Gene Wolfe, who now looks like the Walrus from Alice in Wonderland, writes novels that could be called science fiction but perhaps should not be. He is an engineer and a Catholic, and both of these qualities perfume his works. He fought in the Korean War, and this too informs his writing, although he does not necessarily show the expected horror for combat of his predecessors Pynchon and Vonnegut. Often Wolfe’s work eludes description. His most famous novel, for instance, re-imagines the New Testament with Jesus as a time-traveling professional torturer and occasional actor who possesses a voracious sexual appetite and a perfect memory.
This sounds like something Kilgore Trout would have written, but Wolfe’s style really isn’t like that of any other author. The science fiction community likes him very much. I suggest, in this brief gloss of his major works, that people who read literary fiction may really like him too.
Wolfe’s major work is The Book of the New Sun, an overarching title that wisely conceals the more genre-bound names of the four novels that comprise the tetralogy. Orb Publishing has recently reprinted this series in two sober, black volumes that wouldn’t be out of place on a coffee table. The original covers of the four component books bore lurid and literal sci-fi illustrations of major characters, including a blue-tinted man astride a rearing, monstrous horse, brandishing a shattered sword and what looks like an enormous Water Pik. He has the expression of a man who has been denied something at the department of motor vehicles; no wonder Wolfe is little read outside the ghetto of science fiction.
The man on the cover is Severian, the narrator of The Book of the New Sun and its batshit-crazy coda, The Urth of the New Sun. The narrative follows Severian from his boyhood at the Order of the Seekers for Truth and Penitence (more popularly called the Guild of Torturers) through his many utterly bizarre adventures and later changes of career. I will try not to spoil the plot twists unduly, although the narratives become so baroque that even a bald revelation of what happens at the end may not make any sense until the reader goes over the whole series twice. Wolfe, as I wrote, is an engineer, and though his plots may appear disorderly they actually fit together with machine-like precision. Most of the more abstruse explanations come when the story really goes off the rails in the novel-length coda. This involves a lot of time travel and religious blather and is not quite as good as the preceding works.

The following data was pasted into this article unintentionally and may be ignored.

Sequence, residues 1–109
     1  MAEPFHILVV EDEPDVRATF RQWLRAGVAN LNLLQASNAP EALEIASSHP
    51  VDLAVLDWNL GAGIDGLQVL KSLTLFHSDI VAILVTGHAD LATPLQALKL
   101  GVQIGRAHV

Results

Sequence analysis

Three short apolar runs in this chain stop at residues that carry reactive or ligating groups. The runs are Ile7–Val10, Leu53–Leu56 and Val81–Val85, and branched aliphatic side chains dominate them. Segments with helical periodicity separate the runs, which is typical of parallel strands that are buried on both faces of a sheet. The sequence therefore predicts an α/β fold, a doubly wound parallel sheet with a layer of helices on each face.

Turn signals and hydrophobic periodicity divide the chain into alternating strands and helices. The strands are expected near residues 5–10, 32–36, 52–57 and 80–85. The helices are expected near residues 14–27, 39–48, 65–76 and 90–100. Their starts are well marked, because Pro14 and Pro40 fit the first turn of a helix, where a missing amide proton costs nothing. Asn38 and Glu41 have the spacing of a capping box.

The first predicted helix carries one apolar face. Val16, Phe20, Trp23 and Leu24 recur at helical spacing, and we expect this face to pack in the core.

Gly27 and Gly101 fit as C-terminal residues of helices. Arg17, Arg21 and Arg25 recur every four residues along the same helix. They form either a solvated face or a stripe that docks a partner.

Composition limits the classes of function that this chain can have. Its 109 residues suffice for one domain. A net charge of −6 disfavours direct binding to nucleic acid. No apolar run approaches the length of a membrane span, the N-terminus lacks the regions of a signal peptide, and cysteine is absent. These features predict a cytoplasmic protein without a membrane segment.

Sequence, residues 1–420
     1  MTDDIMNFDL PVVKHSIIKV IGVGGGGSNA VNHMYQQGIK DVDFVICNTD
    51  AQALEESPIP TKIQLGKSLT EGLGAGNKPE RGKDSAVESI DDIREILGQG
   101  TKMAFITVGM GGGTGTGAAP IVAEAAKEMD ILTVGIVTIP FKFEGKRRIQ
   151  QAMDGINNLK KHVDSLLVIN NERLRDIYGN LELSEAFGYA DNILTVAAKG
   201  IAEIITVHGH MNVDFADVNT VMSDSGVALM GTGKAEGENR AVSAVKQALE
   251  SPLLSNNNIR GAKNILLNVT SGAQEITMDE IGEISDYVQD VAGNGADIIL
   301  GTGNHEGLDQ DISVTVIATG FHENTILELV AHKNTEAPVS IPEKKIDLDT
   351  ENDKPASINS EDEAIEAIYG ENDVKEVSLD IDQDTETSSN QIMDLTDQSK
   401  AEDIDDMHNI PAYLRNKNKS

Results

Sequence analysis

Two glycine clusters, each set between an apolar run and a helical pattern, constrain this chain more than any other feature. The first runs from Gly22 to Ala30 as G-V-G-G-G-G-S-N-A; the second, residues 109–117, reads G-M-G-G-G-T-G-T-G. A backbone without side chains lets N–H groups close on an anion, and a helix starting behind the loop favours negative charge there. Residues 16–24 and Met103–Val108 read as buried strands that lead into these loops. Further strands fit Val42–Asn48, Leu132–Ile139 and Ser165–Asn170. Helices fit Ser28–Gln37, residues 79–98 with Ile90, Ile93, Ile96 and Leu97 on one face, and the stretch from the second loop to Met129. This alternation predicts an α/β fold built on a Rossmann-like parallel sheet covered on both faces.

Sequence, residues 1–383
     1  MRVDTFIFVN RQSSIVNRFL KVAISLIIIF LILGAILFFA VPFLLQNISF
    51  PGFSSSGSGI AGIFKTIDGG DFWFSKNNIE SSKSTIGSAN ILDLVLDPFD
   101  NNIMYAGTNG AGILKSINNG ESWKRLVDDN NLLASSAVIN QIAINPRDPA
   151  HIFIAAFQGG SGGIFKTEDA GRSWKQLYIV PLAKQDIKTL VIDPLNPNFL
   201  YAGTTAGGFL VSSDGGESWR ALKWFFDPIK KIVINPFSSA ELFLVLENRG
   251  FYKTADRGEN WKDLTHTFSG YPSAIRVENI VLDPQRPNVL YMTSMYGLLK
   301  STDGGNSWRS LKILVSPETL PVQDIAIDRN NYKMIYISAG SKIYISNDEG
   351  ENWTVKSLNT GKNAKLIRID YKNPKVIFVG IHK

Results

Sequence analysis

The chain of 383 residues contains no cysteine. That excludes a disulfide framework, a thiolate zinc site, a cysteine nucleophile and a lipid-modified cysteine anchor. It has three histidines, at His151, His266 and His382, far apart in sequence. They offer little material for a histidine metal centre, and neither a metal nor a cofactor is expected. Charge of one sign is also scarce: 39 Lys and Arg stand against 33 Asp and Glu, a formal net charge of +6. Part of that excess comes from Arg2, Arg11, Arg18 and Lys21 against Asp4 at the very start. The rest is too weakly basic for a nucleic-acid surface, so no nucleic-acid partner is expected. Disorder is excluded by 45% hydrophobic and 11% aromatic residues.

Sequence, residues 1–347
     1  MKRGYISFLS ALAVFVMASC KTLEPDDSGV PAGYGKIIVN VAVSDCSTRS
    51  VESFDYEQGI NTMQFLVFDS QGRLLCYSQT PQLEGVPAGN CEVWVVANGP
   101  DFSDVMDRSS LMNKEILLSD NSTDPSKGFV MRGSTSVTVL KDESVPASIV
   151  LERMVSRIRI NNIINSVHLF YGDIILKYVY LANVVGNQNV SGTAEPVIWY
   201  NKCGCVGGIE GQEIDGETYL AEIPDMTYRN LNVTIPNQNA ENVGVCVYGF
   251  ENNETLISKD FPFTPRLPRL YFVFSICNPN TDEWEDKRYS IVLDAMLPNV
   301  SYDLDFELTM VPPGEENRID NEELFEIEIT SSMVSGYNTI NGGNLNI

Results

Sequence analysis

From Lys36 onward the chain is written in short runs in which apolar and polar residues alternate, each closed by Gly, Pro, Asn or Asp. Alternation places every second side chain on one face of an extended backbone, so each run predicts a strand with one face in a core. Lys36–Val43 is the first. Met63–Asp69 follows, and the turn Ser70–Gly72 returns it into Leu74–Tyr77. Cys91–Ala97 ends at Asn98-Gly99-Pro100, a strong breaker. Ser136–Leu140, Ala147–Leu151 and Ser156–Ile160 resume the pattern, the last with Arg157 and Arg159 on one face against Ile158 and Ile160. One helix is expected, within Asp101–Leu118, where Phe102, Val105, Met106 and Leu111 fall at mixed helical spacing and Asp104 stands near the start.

But the preceding works are really good. Wolfe has many flaws, but he writes indulgent, excellent prose, and he has a lust for unusual words that may irritate some readers but delighted me. The Book of the New Sun takes place on Earth, but tens of millions of years in the future. Epochs of technological development and bizarre genetic experimentation have passed and people are living in the hollowed-out hulls of old spacecraft. This requires a lot of new jargon for animals, social positions, and technology, and Wolfe supplies it by raiding the dictionaries rather than making up nonsense names (he explains this all plainly in the afterword of the first volume, although he quite unnecessarily pretends that he is translating Severian’s record rather that composing fiction). Tolkien, who was a philologist, generated names that induce fantasy-nerd boners to this day, but Wolfe has picked suggestive and arcane terms out of history. The technique works rather well since the terms are evocative without necessarily sounding silly or being specifically rooted in sci-fi; they sound right, actually much in the way Tolkien’s obsessively researched names do.
Those of us who received a liberal arts education may have learned that using lots of big words does not necessarily make you smart, but Wolfe backs up his lust for exotic terms with a gift for description (and for terse, sharp action). He has a very unusual, almost bashful way of describing the more bizarre features of his far-future landscape; often you don’t know if he’s speaking metaphorically or literally. This doesn’t come from fuzzy language or lack of precision. Take, for instance, his description of Severian’s memory of mountains at the beginning of the second half of the tetralogy:
Soon I was intoxicated with the thought of the mountains […]. How glorious they are, the immovable idols of Urth, carved with unaccountable tools in a time inconceivably ancient, still lifting above the rim of the world grim heads crowned with mitres, tiaras, and diadems spangled with snow, heads whose eyes are as large as towns, figures whose shoulders are wrapped in forests.
This might seem like a simple simile: the mountains are like massive figures. Later Severian climbs these mountains and we learn that Wolfe was not writing metaphorically—at some point, past tyrants actually carved the mountains into enormous statues. Severian doesn’t find this all that extraordinary, because Severian has never seen normal mountains.